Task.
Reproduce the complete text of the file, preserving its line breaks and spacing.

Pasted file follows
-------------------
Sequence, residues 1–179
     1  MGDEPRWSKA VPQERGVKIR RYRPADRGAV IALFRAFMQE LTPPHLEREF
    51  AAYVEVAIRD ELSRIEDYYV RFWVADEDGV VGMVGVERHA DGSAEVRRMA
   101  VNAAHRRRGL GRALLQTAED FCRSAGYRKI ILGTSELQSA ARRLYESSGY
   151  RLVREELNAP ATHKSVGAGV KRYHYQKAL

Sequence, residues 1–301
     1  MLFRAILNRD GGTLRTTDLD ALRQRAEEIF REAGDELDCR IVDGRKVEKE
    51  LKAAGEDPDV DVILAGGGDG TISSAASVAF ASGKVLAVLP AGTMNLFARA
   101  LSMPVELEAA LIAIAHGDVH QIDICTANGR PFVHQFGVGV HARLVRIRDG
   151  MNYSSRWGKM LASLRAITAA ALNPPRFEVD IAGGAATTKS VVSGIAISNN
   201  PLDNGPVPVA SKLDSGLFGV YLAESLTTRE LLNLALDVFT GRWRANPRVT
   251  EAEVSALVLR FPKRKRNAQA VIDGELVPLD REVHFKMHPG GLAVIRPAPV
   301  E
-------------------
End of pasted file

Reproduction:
Sequence, residues 1–179
     1  MGDEPRWSKA VPQERGVKIR RYRPADRGAV IALFRAFMQE LTPPHLEREF
    51  AAYVEVAIRD ELSRIEDYYV RFWVADEDGV VGMVGVERHA DGSAEVRRMA
   101  VNAAHRRRGL GRALLQTAED FCRSAGYRKI ILGTSELQSA ARRLYESSGY
   151  RLVREELNAP ATHKSVGAGV KRYHYQKAL

Sequence, residues 1–301
     1  MLFRAILNRD GGTLRTTDLD ALRQRAEEIF REAGDELDCR IVDGRKVEKE
    51  LKAAGEDPDV DVILAGGGDG TISSAASVAF ASGKVLAVLP AGTMNLFARA
   101  LSMPVELEAA LIAIAHGDVH QIDICTANGR PFVHQFGVGV HARLVRIRDG
   151  MNYSSRWGKM LASLRAITAA ALNPPRFEVD IAGGAATTKS VVSGIAISNN
   201  PLDNGPVPVA SKLDSGLFGV YLAESLTTRE LLNLALDVFT GRWRANPRVT
   251  EAEVSALVLR FPKRKRNAQA VIDGELVPLD REVHFKMHPG GLAVIRPAPV
   301  E